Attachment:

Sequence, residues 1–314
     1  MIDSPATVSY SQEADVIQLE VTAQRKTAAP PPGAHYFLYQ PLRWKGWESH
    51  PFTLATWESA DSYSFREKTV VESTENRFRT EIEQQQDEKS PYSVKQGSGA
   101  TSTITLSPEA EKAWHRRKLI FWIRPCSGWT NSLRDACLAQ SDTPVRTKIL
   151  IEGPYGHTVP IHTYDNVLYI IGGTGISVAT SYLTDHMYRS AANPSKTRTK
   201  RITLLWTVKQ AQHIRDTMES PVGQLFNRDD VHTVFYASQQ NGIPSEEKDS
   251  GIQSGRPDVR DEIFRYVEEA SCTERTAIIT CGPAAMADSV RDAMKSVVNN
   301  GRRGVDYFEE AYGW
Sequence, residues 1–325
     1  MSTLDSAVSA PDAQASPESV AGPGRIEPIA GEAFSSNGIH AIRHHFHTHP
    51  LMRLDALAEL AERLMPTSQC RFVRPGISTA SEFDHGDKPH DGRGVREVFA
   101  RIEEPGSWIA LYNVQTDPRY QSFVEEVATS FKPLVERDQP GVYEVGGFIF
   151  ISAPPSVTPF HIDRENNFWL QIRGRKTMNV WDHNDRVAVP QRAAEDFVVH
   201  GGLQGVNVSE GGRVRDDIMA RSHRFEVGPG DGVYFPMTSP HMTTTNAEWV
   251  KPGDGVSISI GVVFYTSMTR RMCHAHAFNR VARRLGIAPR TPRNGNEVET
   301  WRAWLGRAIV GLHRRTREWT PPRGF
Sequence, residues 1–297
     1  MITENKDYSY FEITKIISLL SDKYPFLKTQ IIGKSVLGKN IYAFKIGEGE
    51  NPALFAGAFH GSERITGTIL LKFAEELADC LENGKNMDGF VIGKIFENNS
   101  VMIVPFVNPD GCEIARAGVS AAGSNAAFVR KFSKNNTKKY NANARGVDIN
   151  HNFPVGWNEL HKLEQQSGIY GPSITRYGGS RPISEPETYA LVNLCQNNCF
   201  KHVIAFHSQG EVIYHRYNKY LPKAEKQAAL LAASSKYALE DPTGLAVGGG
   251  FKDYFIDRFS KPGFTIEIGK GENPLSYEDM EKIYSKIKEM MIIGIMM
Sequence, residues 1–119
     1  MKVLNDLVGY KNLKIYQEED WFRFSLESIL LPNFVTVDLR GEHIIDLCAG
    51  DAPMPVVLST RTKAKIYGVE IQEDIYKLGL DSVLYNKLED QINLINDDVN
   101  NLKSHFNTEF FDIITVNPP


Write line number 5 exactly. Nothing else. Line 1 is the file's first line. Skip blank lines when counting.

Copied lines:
   151  IEGPYGHTVP IHTYDNVLYI IGGTGISVAT SYLTDHMYRS AANPSKTRTK